Release Date: February 22, 2008
So what’s the story: Smart rich kid with parents Hope Davis, as over-medicated mom, and an absent father, gets into trouble and ends up in public school. Kid becomes popular as the bathroom psychiatrist, and dates the principal’s daughter. Principal (Robert Downey, Jr.) hates his job because he cares too much. Let’s call it Juno goes to Rushmore.
Maybe bringing up Juno and Rushmore isn’t a good idea, because this movie doesn’t have the magic of either one. And I think it comes down to the lead actor, Anton Yelchin – who’s good, just smug. I had to look him up and see what else he’s done, since he didn’t look familiar, and it’s not fair to pick on new actors. He was the kidnapped kid in Alpha Dog, and he was great in that. I just found him unrelatable here. Maybe because I didn’t grow up wealthy and feeling like public school was a punishment or last resort like Charlie feels. I had similar issues with Rushmore, and that’s probably why I brought it up.
The highlights of the film for me were the adults. I love Hope Davis. I’ve loved Hope Davis since the first time I saw Next Stop Wonderland (not the best romantic comedy from the 90s, but definitely worth a rental). I am a fan of anyone who gives Hope Davis a well-deserved job. She’s the mom who appreciates her son’s reminders of when to take her meds, plays tennis with the 80-year old chauffer, and is desperate for her son to make friends. Bit of trivia: She played Anton Yelchin’s mother in Hearts in Atlantis with Anthony Hopkins.
Robert Downey, Jr is the alcoholic reluctant principal who isn’t your pal; whose daughter cares for him but hates his job almost as much as he does. There’s some great scenes between him and Charlie.
But it all just adds up to 2 hours of amusement. Mild amusement. I chuckled a couple of times, and everyone else in the theater chuckled maybe a handful of times. No big belly laughs, nothing terribly witty or memorable on the comedy front. The movie was supposed to come out last summer (I remember seeing previews for it back then), and got bumped to February 2008. I think they may suffer from “It’s not as good as Juno” reviews, and I’m going to echo that statement.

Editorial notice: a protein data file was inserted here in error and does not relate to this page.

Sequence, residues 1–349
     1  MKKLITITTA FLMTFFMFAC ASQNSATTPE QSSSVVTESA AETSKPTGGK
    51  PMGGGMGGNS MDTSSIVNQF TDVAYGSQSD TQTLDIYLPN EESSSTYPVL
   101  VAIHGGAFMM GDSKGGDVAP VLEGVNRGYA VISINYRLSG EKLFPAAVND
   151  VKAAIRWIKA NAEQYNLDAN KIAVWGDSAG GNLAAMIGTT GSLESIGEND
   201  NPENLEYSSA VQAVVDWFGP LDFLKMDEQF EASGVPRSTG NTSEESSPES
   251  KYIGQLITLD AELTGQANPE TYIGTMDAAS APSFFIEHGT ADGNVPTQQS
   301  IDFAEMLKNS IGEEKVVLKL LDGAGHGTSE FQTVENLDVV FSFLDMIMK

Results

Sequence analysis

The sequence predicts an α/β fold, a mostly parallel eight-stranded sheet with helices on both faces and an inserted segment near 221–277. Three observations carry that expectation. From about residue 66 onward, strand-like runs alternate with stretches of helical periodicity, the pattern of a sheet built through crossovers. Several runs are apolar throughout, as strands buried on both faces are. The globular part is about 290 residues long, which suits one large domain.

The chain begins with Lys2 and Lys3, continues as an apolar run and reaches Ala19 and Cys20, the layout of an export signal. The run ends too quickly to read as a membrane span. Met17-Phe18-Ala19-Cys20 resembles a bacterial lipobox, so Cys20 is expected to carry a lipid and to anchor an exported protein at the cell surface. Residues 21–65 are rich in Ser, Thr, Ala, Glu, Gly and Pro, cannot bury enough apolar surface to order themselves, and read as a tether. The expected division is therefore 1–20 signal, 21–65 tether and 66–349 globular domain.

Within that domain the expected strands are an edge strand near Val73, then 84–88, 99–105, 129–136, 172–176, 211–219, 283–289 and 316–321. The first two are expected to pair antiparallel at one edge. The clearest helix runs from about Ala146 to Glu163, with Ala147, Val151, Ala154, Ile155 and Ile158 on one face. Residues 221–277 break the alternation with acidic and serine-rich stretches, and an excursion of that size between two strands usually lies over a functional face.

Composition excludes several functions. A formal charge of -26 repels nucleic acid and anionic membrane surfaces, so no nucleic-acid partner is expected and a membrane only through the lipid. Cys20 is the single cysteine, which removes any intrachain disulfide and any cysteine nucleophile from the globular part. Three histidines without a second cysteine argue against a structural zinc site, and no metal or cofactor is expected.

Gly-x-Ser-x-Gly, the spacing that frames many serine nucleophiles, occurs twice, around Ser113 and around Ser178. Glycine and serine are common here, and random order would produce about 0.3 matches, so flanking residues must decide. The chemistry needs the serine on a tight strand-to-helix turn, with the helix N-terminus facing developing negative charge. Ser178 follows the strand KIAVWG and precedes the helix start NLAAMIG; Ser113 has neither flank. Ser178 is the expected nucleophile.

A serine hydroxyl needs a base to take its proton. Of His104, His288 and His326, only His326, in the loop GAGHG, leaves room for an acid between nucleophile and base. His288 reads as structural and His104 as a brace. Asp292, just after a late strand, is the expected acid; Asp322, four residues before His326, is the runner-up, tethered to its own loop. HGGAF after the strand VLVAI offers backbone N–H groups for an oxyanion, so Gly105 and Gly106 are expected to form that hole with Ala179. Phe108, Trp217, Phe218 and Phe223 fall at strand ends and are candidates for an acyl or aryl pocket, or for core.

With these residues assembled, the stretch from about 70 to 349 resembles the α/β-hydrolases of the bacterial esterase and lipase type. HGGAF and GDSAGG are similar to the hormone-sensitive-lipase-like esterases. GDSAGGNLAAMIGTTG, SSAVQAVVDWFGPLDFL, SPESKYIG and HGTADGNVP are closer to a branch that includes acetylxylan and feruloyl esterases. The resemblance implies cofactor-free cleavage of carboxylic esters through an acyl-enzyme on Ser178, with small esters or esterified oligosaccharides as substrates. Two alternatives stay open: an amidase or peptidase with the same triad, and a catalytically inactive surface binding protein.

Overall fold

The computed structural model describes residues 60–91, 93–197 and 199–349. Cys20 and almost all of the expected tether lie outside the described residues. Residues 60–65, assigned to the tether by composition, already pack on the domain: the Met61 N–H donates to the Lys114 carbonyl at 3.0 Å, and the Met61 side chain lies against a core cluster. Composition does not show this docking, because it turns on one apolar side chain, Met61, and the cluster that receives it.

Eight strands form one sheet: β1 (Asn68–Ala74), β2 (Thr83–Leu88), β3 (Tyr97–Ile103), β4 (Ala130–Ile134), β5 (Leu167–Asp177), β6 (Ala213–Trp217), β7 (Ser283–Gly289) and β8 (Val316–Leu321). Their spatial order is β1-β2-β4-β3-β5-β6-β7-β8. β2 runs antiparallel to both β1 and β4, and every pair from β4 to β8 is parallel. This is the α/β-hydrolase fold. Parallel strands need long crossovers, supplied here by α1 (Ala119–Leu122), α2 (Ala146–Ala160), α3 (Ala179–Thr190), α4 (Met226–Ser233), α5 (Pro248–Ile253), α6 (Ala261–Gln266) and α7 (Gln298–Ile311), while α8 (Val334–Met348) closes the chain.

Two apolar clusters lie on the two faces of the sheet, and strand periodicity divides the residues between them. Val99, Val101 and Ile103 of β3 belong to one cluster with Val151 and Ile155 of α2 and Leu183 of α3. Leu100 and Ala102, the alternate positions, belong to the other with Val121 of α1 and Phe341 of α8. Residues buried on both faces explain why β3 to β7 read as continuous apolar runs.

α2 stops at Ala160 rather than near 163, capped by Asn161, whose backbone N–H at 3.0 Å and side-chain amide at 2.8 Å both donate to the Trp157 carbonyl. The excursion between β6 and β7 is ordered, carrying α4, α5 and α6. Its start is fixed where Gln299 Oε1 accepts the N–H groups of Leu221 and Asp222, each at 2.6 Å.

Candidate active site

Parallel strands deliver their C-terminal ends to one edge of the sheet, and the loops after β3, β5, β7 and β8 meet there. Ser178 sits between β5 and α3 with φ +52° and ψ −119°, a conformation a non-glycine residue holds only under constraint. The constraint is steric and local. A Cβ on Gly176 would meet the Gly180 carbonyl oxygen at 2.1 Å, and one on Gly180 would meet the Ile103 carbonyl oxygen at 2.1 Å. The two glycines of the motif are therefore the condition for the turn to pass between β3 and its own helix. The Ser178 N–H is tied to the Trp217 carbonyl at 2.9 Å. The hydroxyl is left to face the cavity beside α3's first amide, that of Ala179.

What’s it worth: $5. Worth a rental, second run theater and popcorn, or catch it on cable. I didn’t dislike it, I just found it unremarkable.
This Weekend’s Releases
Charlie Bartlett–as above
Vantage Point – wait til you don’t have to pay full price
Witless Protection – Larry the Cable Guy isn’t my style. (another fun trivia note: the writer/director of this movie, wrote a television movie called Vanishing Point)
The Counterfeiters – Austrian Oscar Nominee, gurus of gold over at moviecitynews.com tip it to win the Oscar. I saw it on Sunday, it’s based on the true story of the Germans using master counterfeiters in the concentration camps to try and crack the British pound and the dollar. It’s heartbreaking, but not as good as The Lives of Others (which won foreign language Oscar year).
The Duchess of Langeais – Apparently a Canadian film based on a Balzac novel. Period piece. I haven’t heard of it before.
The Signal – see review posted yesterday.
I know someone in the comments yesterday said they though Definitely, Maybe (Ryan Reynolds) was kind of ho-hum. Personally, I enjoyed it. I have really low expectations for romantic comedies, and tend to give them a pass because they’re not really trying for anything. I enjoyed it for the ride it is. And I love Abigail Breslin, but she got stuck being the interrupting precocious child. And her talking about sex is weird, as it’s not as funny as “boys have a penis, girls have a vagina” from Kindergarten Cop.